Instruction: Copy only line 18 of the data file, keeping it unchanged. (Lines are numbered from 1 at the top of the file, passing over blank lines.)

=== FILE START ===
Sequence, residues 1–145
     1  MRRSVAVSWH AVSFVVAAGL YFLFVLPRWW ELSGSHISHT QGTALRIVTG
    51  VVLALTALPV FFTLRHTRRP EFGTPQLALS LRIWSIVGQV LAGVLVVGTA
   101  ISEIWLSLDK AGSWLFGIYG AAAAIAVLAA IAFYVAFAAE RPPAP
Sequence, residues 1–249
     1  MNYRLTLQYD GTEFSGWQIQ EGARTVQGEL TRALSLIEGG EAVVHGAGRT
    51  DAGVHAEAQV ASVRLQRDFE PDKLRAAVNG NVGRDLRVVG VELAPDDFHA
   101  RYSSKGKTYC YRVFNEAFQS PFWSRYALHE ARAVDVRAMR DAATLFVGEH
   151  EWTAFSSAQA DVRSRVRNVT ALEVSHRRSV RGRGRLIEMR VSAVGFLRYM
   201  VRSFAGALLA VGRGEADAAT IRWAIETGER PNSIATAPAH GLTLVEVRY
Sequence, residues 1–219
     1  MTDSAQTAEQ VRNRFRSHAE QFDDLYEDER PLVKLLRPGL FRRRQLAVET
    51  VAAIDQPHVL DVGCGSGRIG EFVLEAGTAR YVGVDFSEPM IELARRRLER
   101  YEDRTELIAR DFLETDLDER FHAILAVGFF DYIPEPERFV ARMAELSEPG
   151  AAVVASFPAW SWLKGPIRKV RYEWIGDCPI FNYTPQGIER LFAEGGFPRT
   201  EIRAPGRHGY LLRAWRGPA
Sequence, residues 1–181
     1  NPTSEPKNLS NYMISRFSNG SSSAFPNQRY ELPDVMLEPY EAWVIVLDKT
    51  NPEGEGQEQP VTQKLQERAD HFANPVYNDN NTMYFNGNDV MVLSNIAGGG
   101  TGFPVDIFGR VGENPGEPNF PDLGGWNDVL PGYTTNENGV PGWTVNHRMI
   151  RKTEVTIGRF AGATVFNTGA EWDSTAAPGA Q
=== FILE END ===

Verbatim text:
     1  NPTSEPKNLS NYMISRFSNG SSSAFPNQRY ELPDVMLEPY EAWVIVLDKT